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HEARTBREAK HOTEL by Gabrielle Burton (Scribner's: $15.95; 282 pp.)

October 05, 1986| Florence King | King's most recent book is "Confessions of a Failed Southern Lady." and

When Samuel Johnson was asked to comment on the plot of Shakespeare's "Cymbeline," he refused, saying: "It is impossible to criticize unresisting imbecility." I wish I had had the foresight to make the same reply when offered this feminist allegory about the comatose vision of a humpbacked albino named Quasi.

Museum curator Margaret Valentine is gravely injured while riding her motorcycle. When next we meet her in the intensive care unit, she has become Quasi, one-time guide at the Museum of the Revolution, a treasure trove of misogyny that boasts "a Bruges lace tablecloth so exquisitely detailed young girls lost their eyesight making it," an Up Your Ess Room (authoress, poetess), a College of Cardinals Room, a Male Gynecologists Room, a Sears and Roebuck Servicemen Room, and a Menstrual Show (where all the menstruals perform in red face).

The Museum's female guides number seven. (Get it? Dwarves, deadly sins.) Both the museum and the Heartbreak Hotel where the women live are about to be shut by sexist city fathers who symbolize the current political backlash against feminism as well as the eternal and literal backlash suffered by women through the ages. Hold onto your symbol cards, however, because "backlash" has yet another meaning. Remember Quasimodo, Hugo's hunchback of Notre Dame who was flogged by the city fathers of Paris? His name came from the lines in Peter: quasi modo geniti infantes , or "like newborn babes," the state of mind required of saved Christians. It is also the mentality men require of women; thus the medically dead Quasi (the word means "almost" or "seemingly" in Latin) is a symbol of the quasi-human status accorded the female sex.

While Quasi lies at brain-death's door bleeding from every orifice and even from her hump, the other six guides play out the theater of femininity in the threatened hotel, saying things like "I consider diarrhea a wonderful opportunity to lose weight," and suffering standard everyday female humiliations. One keeps getting her long hair caught in a shoe-polishing machine but endures cordovan scalp rather than cut it because she has been brainwashed into thinking that hair is woman's crowning glory. Another experiences epiphanies in Frederick's of Hollywood and longs to die amid the crotchless panties. Another is traumatized when she hears an Amtrak conductor refer to teen-age boys who hang around the train station as "railroad buffs" while teen-age girls who do the same are called sluts. Still another is haunted by the memory of buying sanitary napkins from a sadistic druggist who shouted, "SPEAK UP, LITTLE GIRL, I CAN'T HEAR YOU!"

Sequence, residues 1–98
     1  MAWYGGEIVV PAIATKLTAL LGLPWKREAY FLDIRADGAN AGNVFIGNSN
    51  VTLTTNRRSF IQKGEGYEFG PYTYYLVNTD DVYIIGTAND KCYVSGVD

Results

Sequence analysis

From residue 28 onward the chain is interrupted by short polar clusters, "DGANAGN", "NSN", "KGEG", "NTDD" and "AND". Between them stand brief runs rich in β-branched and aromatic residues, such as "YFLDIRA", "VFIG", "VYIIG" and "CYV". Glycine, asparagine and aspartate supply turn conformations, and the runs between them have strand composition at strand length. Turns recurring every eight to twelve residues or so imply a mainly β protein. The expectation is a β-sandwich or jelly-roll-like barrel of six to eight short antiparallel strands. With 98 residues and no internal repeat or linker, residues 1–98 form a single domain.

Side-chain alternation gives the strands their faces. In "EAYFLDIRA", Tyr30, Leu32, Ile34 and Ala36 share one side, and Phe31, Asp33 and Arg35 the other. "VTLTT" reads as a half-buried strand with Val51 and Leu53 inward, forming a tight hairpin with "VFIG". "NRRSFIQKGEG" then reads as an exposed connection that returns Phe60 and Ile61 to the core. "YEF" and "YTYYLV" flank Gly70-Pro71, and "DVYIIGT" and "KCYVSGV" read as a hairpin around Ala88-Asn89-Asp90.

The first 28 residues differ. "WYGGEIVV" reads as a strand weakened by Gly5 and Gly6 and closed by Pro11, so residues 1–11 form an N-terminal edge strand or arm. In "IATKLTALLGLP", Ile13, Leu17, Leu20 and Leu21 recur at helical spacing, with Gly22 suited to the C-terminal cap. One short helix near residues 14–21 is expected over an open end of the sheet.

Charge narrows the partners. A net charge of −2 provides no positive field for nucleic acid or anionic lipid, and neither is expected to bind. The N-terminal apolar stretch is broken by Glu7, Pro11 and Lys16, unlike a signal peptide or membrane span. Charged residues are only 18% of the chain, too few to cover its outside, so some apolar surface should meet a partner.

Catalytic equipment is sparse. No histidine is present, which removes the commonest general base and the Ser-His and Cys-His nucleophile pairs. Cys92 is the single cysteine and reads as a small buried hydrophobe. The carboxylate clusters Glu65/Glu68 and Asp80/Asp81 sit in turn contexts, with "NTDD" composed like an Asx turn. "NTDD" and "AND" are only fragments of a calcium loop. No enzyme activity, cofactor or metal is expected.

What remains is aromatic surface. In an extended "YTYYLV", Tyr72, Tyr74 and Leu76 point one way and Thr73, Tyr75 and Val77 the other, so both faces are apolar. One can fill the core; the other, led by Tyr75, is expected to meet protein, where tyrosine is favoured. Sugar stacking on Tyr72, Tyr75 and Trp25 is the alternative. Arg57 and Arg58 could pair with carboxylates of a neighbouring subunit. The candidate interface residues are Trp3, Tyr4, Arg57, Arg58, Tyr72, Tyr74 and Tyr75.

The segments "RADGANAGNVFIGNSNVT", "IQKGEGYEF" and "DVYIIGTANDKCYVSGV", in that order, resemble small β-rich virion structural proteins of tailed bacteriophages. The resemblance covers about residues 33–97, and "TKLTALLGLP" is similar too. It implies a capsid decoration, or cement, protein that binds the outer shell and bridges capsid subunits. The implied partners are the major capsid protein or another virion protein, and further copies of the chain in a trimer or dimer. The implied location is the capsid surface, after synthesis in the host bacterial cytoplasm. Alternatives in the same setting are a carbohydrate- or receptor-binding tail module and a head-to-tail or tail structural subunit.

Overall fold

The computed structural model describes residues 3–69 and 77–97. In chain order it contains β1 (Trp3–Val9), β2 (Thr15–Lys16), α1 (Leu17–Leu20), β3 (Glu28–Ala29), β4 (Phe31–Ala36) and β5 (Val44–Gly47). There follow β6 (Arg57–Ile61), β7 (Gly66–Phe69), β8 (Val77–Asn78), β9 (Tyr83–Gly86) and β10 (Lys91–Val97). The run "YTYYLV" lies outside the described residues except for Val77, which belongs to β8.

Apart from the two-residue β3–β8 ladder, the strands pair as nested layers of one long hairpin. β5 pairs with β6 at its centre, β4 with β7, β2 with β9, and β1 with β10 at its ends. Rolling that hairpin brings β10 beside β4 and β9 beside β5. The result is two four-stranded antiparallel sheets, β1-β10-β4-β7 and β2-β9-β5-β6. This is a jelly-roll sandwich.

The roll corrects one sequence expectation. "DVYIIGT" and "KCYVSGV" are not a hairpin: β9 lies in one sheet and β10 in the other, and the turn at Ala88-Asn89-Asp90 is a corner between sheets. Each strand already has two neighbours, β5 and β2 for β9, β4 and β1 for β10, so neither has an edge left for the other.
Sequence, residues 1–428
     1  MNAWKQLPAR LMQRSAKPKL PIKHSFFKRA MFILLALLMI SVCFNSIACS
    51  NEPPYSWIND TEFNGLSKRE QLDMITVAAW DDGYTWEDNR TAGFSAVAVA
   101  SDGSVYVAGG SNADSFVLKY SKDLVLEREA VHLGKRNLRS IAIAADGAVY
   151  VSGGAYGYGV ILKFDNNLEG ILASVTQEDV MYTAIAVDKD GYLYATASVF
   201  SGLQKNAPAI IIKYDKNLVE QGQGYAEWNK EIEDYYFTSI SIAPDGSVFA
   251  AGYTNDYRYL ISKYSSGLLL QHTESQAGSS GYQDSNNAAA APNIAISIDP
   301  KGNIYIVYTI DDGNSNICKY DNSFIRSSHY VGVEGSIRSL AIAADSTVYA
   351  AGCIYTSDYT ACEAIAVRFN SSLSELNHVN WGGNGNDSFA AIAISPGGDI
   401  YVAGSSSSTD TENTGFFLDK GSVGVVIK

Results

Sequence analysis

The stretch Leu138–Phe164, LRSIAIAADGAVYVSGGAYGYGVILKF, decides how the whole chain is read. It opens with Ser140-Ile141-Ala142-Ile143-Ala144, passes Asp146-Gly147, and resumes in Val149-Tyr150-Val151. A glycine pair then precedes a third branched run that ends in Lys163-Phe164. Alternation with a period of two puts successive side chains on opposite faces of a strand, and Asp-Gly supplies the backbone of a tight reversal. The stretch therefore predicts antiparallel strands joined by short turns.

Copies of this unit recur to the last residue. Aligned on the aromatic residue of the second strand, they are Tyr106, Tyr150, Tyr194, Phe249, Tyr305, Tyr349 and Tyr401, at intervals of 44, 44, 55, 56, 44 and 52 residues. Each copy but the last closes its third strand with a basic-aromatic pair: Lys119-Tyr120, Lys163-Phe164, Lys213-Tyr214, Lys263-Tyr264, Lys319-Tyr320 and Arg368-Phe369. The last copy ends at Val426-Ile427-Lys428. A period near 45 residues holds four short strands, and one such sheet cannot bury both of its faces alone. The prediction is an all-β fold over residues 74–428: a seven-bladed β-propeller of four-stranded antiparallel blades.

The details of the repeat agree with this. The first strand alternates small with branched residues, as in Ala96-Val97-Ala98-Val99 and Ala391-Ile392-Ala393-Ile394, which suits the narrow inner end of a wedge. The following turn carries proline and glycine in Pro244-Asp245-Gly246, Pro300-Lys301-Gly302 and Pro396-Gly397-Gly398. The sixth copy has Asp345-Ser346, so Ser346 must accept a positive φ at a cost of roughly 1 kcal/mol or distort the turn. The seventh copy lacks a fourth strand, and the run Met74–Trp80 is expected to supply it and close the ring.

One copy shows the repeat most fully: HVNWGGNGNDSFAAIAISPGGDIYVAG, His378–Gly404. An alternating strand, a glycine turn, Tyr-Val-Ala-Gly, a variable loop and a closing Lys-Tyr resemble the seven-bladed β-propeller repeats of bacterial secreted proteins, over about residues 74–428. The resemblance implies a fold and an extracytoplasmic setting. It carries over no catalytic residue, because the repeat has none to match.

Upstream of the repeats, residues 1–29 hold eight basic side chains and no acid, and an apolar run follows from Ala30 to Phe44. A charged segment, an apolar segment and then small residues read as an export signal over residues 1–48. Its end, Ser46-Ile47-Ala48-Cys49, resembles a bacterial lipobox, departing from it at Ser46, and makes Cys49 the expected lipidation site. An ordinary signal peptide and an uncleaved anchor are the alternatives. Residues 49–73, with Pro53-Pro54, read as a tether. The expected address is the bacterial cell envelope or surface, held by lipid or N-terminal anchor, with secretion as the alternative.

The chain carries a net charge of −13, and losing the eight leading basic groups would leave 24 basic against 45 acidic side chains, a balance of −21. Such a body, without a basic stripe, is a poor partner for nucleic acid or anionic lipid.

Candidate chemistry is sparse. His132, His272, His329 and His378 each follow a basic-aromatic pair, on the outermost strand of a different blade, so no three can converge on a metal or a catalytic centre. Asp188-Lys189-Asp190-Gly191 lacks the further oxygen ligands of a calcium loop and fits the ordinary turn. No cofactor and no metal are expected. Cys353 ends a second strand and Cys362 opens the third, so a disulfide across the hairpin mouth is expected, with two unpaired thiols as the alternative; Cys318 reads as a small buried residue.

Men to the left of them! Men to the right of them! All talking dirty, tormenting waitresses, demanding submission, and leaving the toilet seat up. Through it all, cropping up at regular intervals like deadly nightshade on the byways of purgatory, is a villainous silver-haired doctor who inspired the museum's "Tiny Town" exhibit when he complimented a patient for having the tiniest cervical opening he ever saw, thereby inspiring in egoless women a longing for tiny hands, tiny feet, tiny ears, and tiny you-know-whats.

This novel, which won the Maxwell Perkins Prize, reads like the contents of a 1970 time capsule. Not since the early issues of Ms. magazine has so much been said about menstruation, sadistic male hairdressers ("Leave them under the dryers till their eyes pop, then they'll be grateful for anything"), Norman Mailer, and the scarifying effects of a Catholic girlhood. It is streaked with sanguine religious imagery of woman as suffering Christ and sorrowing mother, and larded with litanies. The Litany of the Virgin is repeated incessantly in capital letters--VIRGIN INVIOLATE, VIRGIN UNDEFILED, MYSTICAL ROSE, etc., all followed by PRAY FOR US. The Agnus Dei gets several rounds, and when the author runs out of actual litanies she invents still more of her own, stringing them in long lists down the middle of the page, so that instead of a few choice and carefully controlled recollections of a father's failings, for example, we get:

He teases mercilessly

He makes fun of presents

He wraps her in cotton batting and calls her princess

He puts her on a pedestal so he doesn't have to meet her gaze

He's aloof

He's afraid

He's angry

Easy writing makes hard reading. CAPITAL LETTERS ON NEARLY EVERY PAGE MAKE FOR WEAR AND TEAR ON THE READER, and so do the poems, outlines, billboards, bulletins, parables, quotations, overdone sound effects of characters saying "Ummmmmmmmmmmmmm" and "Ahhhhhhhhhhhhhh," sentences that run on for 25 lines, the compulsive list-making (e.g., every conceivable English slang word for the female genital), the cutesy "Bubblegum Facts" (BUBBLEGUM FACT 77: THERE ARE SOME PEOPLE WHO ARE NOT CONSUMED WITH SELF-CONSCIOUSNESS EVERY MOMENT OF THEIR LIVES. THESE PEOPLE ARE CALLED MEN), the unabridged lyrics of "The Girl That I Marry." Anything else? Yes.

I object to the strange

spacing this author

uses for

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